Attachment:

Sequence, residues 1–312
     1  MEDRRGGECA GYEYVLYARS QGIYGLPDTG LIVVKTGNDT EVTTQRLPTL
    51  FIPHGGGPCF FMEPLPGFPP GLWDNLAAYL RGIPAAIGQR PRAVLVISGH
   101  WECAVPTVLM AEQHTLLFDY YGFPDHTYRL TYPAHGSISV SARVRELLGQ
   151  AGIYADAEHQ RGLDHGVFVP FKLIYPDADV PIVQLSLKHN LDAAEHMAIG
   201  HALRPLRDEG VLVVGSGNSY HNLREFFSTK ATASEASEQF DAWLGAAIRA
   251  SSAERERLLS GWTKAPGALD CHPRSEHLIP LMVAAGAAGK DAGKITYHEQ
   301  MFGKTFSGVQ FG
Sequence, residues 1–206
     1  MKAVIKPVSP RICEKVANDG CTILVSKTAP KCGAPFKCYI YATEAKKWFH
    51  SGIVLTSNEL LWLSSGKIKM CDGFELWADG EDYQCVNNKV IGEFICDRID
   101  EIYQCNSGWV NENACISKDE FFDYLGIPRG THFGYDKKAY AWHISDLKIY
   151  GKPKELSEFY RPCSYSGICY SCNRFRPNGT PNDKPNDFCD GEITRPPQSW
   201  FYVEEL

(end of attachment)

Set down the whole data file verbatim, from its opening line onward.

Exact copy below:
Sequence, residues 1–312
     1  MEDRRGGECA GYEYVLYARS QGIYGLPDTG LIVVKTGNDT EVTTQRLPTL
    51  FIPHGGGPCF FMEPLPGFPP GLWDNLAAYL RGIPAAIGQR PRAVLVISGH
   101  WECAVPTVLM AEQHTLLFDY YGFPDHTYRL TYPAHGSISV SARVRELLGQ
   151  AGIYADAEHQ RGLDHGVFVP FKLIYPDADV PIVQLSLKHN LDAAEHMAIG
   201  HALRPLRDEG VLVVGSGNSY HNLREFFSTK ATASEASEQF DAWLGAAIRA
   251  SSAERERLLS GWTKAPGALD CHPRSEHLIP LMVAAGAAGK DAGKITYHEQ
   301  MFGKTFSGVQ FG
Sequence, residues 1–206
     1  MKAVIKPVSP RICEKVANDG CTILVSKTAP KCGAPFKCYI YATEAKKWFH
    51  SGIVLTSNEL LWLSSGKIKM CDGFELWADG EDYQCVNNKV IGEFICDRID
   101  EIYQCNSGWV NENACISKDE FFDYLGIPRG THFGYDKKAY AWHISDLKIY
   151  GKPKELSEFY RPCSYSGICY SCNRFRPNGT PNDKPNDFCD GEITRPPQSW
   201  FYVEEL